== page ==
Two weeks ago, Energy Secretary Ernest J. Moniz traveled to the California desert to dedicate a signature achievement of the Obama administration’s loan guarantee program: an up-and-running, utility-scale solar power plant that is the largest of its kind in the world.
“Investing in clean energy isn’t a decision that limits our economic potential — it’s an opportunity to lead the global clean technology markets that are forming right now,” Moniz said at the ceremony on Feb. 13. “We simply can’t afford to be at the back of the train — we have to be at the front, leading the world in these industries.”
The ceremony celebrating the successful investment marked a reversal from the attacks on the Obama administration’s loan guarantee program in the aftermath of the 2011 bankruptcy of Solyndra, a California solar-panel manufacturer that failed after receiving a $535 million federal loan guarantee.
“I think you’re starting to see the administration recognize the fact that some of these projects are working and, frankly, they’re good,” said Frank Maisano, an energy specialist at Bracewell & Giuliani. “They’re good projects.”
Now that the loan guarantee program has spurred the construction of five utility-scale solar plants, the industry’s attention turns to its next challenge — namely, renewal of the tax incentive program set to expire at the end of 2016.
Tax benefits for renewable energy sources have become anathema to some conservative lawmakers who say the industries have had plenty of time to demonstrate their viability without federal help, an argument made more acute by the Solyndra scandal. But solar advocates sense a shift in members’ attitudes toward the resource as more areas across the country become home to businesses that prop up the industry and create jobs.
“Where we used to be treated like an issue, we’re increasingly treated like a home-grown industry,” said Rhone Resch, president and CEO of the Solar Energy Industries Association.
The Ivanpah project Moniz visited snagged a loan guarantee nearly triple the size of Solyndra’s — $1.6 billion — for its own novel technology, which utilizes a field of mirrors to focus sunlight onto boilers atop 459-foot towers, generating steam that then turns a turbine to produce electricity. The plant, which has the capacity to produce 392 megawatts of electricity (enough to light up nearly 95,000 homes), adds to the 13 gigawatts of solar power that came online domestically by end of 2013, Resch said.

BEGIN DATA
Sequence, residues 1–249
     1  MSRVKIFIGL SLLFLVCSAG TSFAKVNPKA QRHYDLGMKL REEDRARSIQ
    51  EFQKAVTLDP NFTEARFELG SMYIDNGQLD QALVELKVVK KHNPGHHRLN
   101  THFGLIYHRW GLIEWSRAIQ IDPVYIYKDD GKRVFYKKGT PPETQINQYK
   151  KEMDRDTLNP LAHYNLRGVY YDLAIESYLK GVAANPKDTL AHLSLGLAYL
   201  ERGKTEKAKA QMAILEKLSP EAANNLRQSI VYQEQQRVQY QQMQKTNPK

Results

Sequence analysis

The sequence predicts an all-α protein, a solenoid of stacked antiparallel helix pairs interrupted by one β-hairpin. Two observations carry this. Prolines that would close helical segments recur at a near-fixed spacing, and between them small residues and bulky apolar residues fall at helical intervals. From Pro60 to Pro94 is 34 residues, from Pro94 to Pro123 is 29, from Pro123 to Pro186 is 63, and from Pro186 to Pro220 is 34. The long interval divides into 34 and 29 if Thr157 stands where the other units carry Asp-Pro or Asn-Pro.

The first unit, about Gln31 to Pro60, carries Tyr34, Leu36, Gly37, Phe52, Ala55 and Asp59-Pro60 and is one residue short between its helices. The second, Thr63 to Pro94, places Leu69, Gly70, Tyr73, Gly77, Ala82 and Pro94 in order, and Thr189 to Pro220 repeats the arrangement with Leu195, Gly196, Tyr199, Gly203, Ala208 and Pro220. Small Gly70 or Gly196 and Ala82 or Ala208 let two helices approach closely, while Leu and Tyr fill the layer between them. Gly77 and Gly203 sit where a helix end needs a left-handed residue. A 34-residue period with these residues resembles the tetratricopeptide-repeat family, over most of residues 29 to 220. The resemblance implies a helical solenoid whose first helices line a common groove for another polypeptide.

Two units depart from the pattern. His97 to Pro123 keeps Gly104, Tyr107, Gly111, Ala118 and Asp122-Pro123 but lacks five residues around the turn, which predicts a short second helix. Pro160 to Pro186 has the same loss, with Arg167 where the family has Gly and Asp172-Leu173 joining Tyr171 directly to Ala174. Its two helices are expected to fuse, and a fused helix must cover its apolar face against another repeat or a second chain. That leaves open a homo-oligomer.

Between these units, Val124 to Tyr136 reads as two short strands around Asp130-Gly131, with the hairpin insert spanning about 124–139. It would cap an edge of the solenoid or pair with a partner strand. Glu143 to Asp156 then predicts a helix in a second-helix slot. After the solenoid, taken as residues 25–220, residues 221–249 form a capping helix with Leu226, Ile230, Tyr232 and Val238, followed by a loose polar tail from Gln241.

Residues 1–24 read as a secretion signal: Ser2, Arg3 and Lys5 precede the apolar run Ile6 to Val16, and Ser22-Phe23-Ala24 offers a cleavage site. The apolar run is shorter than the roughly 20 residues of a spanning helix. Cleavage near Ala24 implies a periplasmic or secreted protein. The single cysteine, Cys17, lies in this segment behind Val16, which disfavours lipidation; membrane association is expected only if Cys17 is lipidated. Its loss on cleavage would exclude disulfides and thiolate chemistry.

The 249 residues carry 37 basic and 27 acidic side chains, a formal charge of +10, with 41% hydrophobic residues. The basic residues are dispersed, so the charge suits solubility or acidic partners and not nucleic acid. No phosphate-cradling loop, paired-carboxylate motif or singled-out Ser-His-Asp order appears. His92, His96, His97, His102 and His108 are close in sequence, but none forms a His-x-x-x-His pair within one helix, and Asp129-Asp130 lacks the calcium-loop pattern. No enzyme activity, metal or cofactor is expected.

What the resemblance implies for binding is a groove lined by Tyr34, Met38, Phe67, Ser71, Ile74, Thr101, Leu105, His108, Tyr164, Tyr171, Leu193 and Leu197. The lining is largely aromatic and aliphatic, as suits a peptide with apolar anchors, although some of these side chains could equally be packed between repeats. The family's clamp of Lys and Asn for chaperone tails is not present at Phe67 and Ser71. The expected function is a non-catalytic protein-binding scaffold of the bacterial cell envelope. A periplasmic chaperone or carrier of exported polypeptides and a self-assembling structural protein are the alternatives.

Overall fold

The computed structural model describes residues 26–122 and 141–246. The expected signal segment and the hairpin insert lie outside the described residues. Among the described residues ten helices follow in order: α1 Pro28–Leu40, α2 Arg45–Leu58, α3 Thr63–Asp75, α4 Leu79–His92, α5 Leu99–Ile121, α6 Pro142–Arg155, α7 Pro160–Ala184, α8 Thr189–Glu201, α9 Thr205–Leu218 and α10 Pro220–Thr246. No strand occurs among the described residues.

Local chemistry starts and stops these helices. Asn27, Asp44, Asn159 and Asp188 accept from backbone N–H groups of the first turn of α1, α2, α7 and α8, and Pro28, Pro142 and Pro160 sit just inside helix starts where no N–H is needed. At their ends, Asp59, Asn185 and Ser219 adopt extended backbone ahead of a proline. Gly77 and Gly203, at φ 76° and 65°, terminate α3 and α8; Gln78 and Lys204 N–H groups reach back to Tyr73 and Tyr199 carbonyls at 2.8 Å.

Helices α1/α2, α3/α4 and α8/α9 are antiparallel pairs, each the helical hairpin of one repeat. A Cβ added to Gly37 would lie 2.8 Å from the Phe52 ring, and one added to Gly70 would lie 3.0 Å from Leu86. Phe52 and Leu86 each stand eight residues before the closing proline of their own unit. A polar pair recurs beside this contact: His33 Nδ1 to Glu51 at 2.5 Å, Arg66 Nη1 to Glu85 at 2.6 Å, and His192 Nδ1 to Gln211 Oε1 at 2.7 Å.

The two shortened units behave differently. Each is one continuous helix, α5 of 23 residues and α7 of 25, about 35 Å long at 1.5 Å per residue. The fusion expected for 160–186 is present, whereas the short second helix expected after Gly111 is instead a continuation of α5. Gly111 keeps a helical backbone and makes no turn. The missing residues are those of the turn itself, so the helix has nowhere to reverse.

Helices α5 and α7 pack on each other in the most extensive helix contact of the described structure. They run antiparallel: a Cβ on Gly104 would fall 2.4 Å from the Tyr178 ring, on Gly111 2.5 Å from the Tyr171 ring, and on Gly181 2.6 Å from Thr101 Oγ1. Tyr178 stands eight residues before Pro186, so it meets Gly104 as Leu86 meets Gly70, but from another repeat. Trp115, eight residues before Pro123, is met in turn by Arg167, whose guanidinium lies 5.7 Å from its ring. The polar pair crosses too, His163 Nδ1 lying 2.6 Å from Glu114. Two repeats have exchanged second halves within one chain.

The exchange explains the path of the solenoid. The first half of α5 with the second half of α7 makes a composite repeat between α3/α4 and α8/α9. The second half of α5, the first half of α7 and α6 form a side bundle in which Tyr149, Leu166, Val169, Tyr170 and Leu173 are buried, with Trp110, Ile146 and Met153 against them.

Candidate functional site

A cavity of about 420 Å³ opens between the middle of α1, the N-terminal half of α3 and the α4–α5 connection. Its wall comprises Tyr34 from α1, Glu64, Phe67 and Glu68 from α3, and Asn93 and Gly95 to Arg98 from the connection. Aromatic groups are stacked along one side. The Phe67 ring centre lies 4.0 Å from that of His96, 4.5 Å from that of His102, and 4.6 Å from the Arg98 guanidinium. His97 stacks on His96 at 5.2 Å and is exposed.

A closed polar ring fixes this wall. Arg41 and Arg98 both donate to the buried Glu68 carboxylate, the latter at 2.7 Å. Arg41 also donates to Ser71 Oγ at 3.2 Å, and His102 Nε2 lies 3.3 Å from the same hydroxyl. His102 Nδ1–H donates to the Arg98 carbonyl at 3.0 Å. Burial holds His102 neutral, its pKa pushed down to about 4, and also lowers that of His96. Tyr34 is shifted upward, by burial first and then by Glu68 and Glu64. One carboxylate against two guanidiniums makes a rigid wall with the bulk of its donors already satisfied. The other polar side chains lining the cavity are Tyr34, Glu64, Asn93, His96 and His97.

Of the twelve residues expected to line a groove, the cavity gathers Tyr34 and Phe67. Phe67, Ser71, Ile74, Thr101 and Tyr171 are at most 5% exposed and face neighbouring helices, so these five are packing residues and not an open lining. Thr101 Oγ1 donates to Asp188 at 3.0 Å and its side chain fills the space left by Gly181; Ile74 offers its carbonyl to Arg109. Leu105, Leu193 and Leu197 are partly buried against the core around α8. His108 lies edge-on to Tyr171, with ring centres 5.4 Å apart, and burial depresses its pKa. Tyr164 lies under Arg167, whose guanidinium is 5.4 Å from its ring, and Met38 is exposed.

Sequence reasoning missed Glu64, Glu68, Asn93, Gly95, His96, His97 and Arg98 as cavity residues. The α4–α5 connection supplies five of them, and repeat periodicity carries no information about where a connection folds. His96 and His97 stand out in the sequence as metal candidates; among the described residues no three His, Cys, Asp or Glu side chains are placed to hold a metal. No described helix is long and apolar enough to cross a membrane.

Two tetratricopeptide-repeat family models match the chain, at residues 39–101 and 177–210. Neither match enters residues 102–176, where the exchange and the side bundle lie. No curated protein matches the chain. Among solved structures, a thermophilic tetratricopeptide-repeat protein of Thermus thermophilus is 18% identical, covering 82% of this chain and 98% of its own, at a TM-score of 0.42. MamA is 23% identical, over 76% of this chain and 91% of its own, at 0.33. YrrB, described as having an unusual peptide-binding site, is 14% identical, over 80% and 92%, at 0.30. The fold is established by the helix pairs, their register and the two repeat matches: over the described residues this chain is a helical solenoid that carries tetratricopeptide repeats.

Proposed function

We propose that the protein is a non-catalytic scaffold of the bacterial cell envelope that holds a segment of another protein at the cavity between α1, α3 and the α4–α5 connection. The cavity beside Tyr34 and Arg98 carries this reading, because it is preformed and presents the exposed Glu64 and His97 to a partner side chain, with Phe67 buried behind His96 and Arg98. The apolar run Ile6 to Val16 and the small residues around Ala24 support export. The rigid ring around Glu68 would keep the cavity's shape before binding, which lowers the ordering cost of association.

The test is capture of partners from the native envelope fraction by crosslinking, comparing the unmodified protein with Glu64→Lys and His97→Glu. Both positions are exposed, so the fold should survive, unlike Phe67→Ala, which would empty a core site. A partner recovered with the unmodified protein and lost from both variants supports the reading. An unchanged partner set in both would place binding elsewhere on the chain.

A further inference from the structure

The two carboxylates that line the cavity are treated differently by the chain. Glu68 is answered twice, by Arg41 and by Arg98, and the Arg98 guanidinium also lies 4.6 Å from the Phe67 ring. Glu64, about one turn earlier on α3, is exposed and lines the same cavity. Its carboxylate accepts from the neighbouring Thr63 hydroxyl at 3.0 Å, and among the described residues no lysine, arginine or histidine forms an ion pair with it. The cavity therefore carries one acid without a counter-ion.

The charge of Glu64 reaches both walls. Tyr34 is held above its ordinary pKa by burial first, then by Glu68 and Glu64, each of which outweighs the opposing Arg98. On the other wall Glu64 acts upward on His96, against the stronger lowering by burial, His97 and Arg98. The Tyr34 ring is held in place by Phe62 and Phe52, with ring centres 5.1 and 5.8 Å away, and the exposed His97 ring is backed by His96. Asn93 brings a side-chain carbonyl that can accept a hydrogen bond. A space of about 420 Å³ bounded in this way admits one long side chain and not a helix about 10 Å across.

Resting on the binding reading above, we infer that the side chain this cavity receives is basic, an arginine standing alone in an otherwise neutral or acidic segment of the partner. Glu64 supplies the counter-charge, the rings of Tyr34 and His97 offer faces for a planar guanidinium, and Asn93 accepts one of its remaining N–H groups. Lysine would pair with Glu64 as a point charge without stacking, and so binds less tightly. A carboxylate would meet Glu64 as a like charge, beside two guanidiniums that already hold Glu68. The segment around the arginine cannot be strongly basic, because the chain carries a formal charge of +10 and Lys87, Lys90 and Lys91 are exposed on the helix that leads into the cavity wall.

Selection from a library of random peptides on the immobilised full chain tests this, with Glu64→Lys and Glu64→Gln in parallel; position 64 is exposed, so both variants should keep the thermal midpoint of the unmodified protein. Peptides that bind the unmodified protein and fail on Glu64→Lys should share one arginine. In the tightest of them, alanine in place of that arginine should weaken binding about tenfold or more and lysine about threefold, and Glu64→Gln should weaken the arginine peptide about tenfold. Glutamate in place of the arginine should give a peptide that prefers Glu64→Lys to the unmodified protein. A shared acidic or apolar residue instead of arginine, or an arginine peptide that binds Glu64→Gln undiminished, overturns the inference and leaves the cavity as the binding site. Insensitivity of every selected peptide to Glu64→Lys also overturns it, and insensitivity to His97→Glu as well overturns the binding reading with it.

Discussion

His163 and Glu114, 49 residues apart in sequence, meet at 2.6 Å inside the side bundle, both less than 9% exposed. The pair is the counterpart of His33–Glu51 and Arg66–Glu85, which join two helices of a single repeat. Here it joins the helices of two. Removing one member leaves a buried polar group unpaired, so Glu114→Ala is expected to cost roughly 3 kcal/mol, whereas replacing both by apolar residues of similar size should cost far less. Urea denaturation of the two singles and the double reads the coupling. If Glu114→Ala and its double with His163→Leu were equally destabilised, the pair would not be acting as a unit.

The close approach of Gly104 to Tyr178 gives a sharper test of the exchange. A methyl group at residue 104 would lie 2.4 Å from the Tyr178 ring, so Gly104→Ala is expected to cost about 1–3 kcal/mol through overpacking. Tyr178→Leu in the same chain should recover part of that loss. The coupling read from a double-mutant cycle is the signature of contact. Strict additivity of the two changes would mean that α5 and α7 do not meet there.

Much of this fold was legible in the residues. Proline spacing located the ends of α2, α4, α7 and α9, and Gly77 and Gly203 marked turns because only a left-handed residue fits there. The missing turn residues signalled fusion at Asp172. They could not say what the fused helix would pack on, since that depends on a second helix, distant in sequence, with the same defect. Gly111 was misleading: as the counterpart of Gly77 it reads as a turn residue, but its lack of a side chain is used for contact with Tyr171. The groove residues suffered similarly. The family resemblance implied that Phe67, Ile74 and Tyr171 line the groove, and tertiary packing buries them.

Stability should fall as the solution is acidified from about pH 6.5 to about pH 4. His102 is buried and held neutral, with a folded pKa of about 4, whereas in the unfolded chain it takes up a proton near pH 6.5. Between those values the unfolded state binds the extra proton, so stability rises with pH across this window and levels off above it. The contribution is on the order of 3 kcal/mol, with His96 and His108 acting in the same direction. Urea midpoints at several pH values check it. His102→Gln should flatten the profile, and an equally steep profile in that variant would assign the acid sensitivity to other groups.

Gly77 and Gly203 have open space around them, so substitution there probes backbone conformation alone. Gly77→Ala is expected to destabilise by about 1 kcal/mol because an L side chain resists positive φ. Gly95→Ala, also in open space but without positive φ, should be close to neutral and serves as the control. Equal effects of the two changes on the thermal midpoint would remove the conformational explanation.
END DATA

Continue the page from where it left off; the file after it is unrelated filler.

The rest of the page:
Solyndra’s failure was rooted in the economics of silicon, the chief ingredient in traditional flat solar panels. Its technology — cylindrical panels made from alternative materials — was intended to offer a viable solution to silicon after its price skyrocketed throughout the 2000s.
But the cost of the material crashed by the end of the decade, and congressional Republicans skewered the Obama administration for its management of the program.
A project like Ivanpah now shows the private sector that innovative clean-energy technologies can be feasible at scales not yet seen, Moniz said.
“We all know there are first-mover problems in terms of moving out with these new technologies at new scale, and that’s essentially what we are doing,” he said.
Vice President Joe Biden waits to conduct a mock swearing-in ceremony with Sen. Brian Schatz, D-Hawaii, in the Capitol's Old Senate Chamber, December 2, 2014. Schatz was sworn in to serve the remainder of his term since he was appointed to the seat after Sen. Daniel Inouye, D-Hawaii, passed away.